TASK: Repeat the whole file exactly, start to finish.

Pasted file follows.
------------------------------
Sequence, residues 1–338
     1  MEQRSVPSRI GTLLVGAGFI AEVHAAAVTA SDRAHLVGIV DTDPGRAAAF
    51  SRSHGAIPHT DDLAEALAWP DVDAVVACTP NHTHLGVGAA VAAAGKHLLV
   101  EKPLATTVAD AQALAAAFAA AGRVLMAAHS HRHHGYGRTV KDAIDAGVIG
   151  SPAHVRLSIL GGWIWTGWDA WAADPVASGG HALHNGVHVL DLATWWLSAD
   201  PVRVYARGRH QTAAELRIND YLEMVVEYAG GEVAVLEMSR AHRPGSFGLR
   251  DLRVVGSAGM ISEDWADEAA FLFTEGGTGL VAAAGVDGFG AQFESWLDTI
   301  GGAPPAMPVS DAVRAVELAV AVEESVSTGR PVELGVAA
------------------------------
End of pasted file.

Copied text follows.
Sequence, residues 1–338
     1  MEQRSVPSRI GTLLVGAGFI AEVHAAAVTA SDRAHLVGIV DTDPGRAAAF
    51  SRSHGAIPHT DDLAEALAWP DVDAVVACTP NHTHLGVGAA VAAAGKHLLV
   101  EKPLATTVAD AQALAAAFAA AGRVLMAAHS HRHHGYGRTV KDAIDAGVIG
   151  SPAHVRLSIL GGWIWTGWDA WAADPVASGG HALHNGVHVL DLATWWLSAD
   201  PVRVYARGRH QTAAELRIND YLEMVVEYAG GEVAVLEMSR AHRPGSFGLR
   251  DLRVVGSAGM ISEDWADEAA FLFTEGGTGL VAAAGVDGFG AQFESWLDTI
   301  GGAPPAMPVS DAVRAVELAV AVEESVSTGR PVELGVAA